After searching for five years, I finally found Charles Larson, coinsmith, minter, historian, artist. When he heard about our proposed project - to reproduce the ancient Judaean silver coins and mint new coins for the Third Temple, he became almost as excited as I was. Charles (call me Chuck) is a master of many trades and author of the book "Numismatic Forgery" (2004, published by Zyrus Press), used as a textbook in courses held by the American Numismatic Association. He learned some of the secrets of ancient coin reproduction while a prison guard for a notorious coin forger, and then developed many of the methods on his own. Living in Utah, his most popular reproductions are of the Mormon gold coinage from the mid 1800's. He has also made reproductions of the gold Daric, a persion coin mentioned in the Bible (I Chonicles 29:7, they are referred to as Adarchonim) and its silver equivalent, the Siglos.
Making The Design
We decided that the first coin to be struck would be the silver half shekel. The originals of these coins were struck in the last five years that the Beith Hamikdash (The Holy Temple) was standing in Jerusalem, approximately the years 65-70. This coin was minted for the Temple Tax (Shemot/Exodus 30:11-16). Even though the Jews were beset and besieged by the Romans, they continued minting this coin to the end. Even though the Temple has been destroyed for over 1,930 years, there is still a custom to give coins to charity on the Feast of Purim as a commemoration of the command to give the Temple Tax. An actual Temple tax is not collected when the Temple is not standing (Maimonides Shekalim 1:8).
Numerous examples of the original coins have been found (they usually sell in the $2,000+ range) and excellent pictures are available. (See Menorah Coin Project).
Since there were several variations in the original coins, we had to decide which variety we wanted to make, which year to show, and then Chuck reduced it all to drawings.
Often the people who design and engrave coin dies are themselves artists. One of the most difficult aspects of making a believable ancient coin reproduction is for the artist/artisan to get rid of his own cultural/artistic style and get totally into the style of the place and period which he is working on. For instance:
The coin on the left is produced by us. The one on the right is is an original coin. We believe that our master minter has captured the flavor and feel of the original. Return To Top
Making The Dies
The next step is to transfer the drawings to the dies (which are made out of special steel). Then the design is cut (in reverse or mirror image) onto the dies. Our minter makes all of his own tools. He makes them as similar to the ancient tools as he can. He says that otherwise, you can tell a modern forgery, because the modern tools cut differently and leave different marks than the ancient tools.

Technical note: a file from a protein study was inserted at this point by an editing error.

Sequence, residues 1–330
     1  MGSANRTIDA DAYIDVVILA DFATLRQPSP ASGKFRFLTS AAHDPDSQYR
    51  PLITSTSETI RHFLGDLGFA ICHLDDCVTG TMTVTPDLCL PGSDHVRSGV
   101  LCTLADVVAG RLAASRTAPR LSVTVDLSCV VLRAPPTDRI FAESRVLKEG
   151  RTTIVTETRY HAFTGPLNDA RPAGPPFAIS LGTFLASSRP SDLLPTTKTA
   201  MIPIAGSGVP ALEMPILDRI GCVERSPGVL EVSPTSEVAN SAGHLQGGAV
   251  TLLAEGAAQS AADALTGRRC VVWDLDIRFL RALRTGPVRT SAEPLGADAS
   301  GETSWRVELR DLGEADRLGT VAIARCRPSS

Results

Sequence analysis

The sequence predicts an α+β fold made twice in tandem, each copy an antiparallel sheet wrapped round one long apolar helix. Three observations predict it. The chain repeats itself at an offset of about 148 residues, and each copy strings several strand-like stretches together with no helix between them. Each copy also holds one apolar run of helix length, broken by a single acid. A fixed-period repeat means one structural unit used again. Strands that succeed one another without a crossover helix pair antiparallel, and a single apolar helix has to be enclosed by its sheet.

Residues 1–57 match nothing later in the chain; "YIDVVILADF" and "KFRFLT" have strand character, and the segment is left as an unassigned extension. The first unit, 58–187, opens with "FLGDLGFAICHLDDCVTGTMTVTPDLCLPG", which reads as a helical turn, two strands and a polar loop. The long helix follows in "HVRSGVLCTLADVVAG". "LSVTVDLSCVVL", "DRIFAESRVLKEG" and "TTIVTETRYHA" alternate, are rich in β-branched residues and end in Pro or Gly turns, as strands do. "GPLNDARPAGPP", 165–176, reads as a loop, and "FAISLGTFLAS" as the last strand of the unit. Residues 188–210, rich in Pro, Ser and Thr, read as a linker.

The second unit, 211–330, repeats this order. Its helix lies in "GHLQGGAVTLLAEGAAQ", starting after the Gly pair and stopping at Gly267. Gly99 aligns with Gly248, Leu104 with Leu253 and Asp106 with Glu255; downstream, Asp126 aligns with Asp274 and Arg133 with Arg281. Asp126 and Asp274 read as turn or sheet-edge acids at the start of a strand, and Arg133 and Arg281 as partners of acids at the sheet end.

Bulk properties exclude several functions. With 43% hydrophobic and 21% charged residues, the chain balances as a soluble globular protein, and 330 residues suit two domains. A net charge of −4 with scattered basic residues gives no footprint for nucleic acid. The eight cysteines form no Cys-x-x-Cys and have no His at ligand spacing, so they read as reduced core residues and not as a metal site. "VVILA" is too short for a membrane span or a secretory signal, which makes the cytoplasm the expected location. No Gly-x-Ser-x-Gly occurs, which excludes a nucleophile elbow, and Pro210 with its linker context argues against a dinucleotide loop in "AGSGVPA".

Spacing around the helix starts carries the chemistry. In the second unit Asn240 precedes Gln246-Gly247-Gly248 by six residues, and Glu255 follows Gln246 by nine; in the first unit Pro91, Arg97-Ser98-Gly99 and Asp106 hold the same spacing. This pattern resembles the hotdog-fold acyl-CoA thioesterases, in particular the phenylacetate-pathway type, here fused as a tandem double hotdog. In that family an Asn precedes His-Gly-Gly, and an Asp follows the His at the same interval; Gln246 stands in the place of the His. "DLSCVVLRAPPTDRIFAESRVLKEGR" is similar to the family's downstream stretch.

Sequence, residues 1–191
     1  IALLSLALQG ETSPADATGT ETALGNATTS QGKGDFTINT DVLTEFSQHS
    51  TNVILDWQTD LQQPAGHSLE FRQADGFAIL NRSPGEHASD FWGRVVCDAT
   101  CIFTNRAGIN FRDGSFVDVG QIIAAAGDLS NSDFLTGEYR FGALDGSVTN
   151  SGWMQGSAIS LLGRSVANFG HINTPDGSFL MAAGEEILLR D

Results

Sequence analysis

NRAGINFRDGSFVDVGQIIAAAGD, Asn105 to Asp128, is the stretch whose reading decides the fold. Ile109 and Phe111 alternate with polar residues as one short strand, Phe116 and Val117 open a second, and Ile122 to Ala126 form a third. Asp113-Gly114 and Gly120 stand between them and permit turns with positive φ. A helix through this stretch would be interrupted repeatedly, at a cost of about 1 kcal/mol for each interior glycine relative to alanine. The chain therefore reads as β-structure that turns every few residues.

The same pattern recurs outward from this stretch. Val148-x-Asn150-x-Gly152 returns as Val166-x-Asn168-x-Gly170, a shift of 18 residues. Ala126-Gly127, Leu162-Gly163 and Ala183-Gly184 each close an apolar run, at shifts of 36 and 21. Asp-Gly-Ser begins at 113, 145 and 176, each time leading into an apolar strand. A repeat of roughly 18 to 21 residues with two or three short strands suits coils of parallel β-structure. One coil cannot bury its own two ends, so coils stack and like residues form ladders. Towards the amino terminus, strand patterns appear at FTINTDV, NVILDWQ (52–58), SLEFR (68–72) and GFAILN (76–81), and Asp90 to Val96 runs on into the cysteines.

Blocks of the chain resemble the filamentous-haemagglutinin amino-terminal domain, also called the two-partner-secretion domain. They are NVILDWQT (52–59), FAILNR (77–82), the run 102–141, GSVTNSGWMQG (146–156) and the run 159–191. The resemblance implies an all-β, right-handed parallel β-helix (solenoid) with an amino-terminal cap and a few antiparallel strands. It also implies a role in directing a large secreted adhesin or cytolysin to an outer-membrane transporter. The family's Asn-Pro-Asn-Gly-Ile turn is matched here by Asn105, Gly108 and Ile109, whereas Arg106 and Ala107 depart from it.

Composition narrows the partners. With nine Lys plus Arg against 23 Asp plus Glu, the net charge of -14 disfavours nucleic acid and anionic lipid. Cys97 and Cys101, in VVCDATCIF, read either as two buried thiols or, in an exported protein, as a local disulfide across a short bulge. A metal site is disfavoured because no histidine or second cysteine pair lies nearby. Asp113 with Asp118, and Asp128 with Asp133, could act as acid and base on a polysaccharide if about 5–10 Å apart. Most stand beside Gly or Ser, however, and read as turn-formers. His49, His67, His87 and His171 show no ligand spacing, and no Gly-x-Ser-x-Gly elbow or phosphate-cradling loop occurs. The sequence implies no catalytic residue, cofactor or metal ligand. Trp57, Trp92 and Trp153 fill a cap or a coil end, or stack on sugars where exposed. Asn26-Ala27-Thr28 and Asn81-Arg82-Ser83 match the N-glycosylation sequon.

The lower die is for the obverse (the front or "heads" side of the coin)
and the upper die is for the reverse (back or tails side of the coin).
As the minter cuts the dies, he makes test stampings on lead to see how actual coins would look. Return To Top
Making the dies requires hours of skilled labour, but for an ancient coin reproduction, making the dies is almost the easy part. Making the coin blanks (flans or planchets) for ancient coins takes a huge amount of work. First the metal is cut and then it is carefully weighed and then it is heated and annealed and hammered into shape. Return To Top
The coin blank is then placed on top of the lower die The circle of beads or dots near the edge of the coin is not so much a design element as it is a guide to place the coin blank in the right place on the lower die.
In ancient times, the upper die had to be held in place by hand, and a heavy hammer blow struck the upper die, pressing the design into the metal. Multiple blows were struck to impress the design deeply. Of course holding the upper die in place in the path of a freely swung sledge hammer could be quite dangerous.
Our minter designed a special device to hold the dies and blanks carefully in place so that he could both minimize danger and also strike multiple blows without the dies and blanks moving (and causing a doubling effect on the coin).
Instead of striking with a sledge hammer, he raises a drop hammer (which weighs 32 pounds or 14.5 kilograms) by means of a pulley and allows it to drop down from the second story of the building. He strikes each coin seven times so that the impression will be clear. And then we have a new ancient coin "hot off the presses".
Mr. Larson is in contact with the Secret Service (the branch of the United States Government which deals with counterfeiting) as well as leading numismatic organizations to make sure that the coins are legal and will not be passed off as originals. He puts his initials on the edge of each coin as a mark of pride of a great craftsman and as an indication that the coin is not an original.
To purchase one of these gorgeous reproduction coins go to our Coin Catalog Page.
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